The wireless industry seems always keen for the next new, hot thing, whether it's mobile TV, touchscreens or Qwerty keyboards. Location-based services and navigation applications certainly fall into this category. I recently looked at the state of location-based services in this in-depth feature. One of the main conclusions I came up with is that, right now, a lot of the potential applications are just that: potential.
Turn-by-turn premium navigation services and partnerships between wireless carriers and big-name vendors like Networks In Motion and TeleNav dominate the space. Yet even with carrier backing, LBS has not yet caught on with the vast majority of cell phone-toting consumers.
"We haven't reached critical mass by any stretch of the imagination," Dale Beasley, Verizon Wireless' LBS and VZ Navigator product manager, told me.
Most of the companies and analysts I spoke with agreed that some kind of mapping application will become standard on phones--just like cameras are today--but for the time being it remains a bit of a minor league item.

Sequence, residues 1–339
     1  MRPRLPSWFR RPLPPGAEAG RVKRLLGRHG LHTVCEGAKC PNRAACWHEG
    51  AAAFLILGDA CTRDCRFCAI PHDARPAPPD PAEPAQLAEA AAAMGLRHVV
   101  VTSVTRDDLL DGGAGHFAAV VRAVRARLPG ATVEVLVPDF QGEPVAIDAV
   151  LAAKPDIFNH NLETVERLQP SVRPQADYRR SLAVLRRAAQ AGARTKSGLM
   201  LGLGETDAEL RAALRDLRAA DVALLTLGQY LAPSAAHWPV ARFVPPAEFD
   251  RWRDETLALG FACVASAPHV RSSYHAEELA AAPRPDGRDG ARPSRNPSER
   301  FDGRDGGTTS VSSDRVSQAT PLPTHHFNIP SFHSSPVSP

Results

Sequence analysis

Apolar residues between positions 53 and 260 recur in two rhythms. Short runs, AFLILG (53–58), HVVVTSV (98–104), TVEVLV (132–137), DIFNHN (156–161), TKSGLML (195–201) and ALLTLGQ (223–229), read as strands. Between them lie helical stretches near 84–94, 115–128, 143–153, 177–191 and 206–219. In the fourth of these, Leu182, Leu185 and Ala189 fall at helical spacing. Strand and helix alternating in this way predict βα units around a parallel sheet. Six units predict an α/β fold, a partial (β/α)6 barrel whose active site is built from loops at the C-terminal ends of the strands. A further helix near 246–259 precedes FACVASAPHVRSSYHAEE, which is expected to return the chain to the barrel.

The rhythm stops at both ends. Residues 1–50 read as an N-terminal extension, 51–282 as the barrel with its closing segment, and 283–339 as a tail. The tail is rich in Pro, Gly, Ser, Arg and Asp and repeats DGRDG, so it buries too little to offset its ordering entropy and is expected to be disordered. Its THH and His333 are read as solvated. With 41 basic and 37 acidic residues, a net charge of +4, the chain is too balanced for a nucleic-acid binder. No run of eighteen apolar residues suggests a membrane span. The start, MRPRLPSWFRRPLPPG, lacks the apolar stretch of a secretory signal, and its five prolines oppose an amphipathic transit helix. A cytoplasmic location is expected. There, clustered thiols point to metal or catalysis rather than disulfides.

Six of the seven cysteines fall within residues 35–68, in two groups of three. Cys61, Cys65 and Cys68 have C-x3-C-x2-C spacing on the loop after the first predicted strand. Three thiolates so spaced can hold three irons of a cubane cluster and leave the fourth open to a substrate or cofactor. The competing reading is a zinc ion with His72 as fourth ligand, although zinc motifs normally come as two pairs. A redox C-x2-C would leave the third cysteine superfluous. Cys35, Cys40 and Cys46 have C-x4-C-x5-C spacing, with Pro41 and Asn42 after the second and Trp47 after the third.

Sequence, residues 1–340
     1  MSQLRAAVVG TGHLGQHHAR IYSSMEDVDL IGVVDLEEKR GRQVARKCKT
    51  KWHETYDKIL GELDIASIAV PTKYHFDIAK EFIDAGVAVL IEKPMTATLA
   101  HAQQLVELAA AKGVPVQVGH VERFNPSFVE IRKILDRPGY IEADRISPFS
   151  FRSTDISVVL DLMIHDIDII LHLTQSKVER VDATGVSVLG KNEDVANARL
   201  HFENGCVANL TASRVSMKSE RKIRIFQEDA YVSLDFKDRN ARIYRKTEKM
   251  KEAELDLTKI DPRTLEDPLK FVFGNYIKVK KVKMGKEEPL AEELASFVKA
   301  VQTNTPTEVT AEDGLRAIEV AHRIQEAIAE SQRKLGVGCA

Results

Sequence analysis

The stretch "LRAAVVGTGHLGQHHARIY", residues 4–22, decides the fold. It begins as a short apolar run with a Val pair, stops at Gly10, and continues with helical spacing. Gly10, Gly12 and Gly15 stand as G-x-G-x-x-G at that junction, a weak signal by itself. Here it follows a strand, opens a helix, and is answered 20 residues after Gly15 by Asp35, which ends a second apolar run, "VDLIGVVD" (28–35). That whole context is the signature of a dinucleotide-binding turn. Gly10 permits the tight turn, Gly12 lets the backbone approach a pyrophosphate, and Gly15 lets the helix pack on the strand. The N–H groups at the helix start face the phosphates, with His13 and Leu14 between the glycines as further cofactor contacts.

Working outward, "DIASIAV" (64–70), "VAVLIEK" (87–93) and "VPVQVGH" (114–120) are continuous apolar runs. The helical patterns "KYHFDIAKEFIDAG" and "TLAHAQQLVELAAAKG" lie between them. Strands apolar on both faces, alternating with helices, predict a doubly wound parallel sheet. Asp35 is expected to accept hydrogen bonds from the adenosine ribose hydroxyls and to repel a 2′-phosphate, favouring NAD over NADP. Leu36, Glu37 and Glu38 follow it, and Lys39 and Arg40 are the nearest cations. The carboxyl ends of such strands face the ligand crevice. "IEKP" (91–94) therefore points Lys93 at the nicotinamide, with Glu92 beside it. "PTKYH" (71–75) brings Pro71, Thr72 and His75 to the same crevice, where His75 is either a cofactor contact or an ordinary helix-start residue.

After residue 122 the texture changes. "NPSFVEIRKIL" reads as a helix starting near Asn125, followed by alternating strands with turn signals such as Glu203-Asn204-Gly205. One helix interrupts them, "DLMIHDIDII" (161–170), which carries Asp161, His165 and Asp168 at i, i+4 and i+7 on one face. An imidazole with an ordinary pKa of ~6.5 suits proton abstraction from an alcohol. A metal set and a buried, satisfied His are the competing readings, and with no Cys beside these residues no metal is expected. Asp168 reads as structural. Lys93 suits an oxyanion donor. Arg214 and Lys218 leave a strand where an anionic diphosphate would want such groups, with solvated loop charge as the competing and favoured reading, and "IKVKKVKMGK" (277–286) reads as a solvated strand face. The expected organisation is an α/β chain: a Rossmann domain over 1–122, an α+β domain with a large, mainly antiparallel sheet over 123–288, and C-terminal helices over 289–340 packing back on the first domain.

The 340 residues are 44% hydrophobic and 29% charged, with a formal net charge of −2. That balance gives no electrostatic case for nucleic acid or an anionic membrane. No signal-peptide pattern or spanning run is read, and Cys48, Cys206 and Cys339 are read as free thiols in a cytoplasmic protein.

That said, there's plenty of action on the front. Will navigation apps remain paid-for items, or will they eventually fall into a free tier of service? Will third parties break out from a largely carrier-controlled market, or will operator-branded services remain the primary go-to for most LBS users? And will location information become an essential part of social networking services?
As GPS gets installed into more phones, carriers, vendors and application developers will be forced to answer these questions. Feel free to read the feature and let me know how you think it will play out. --Phil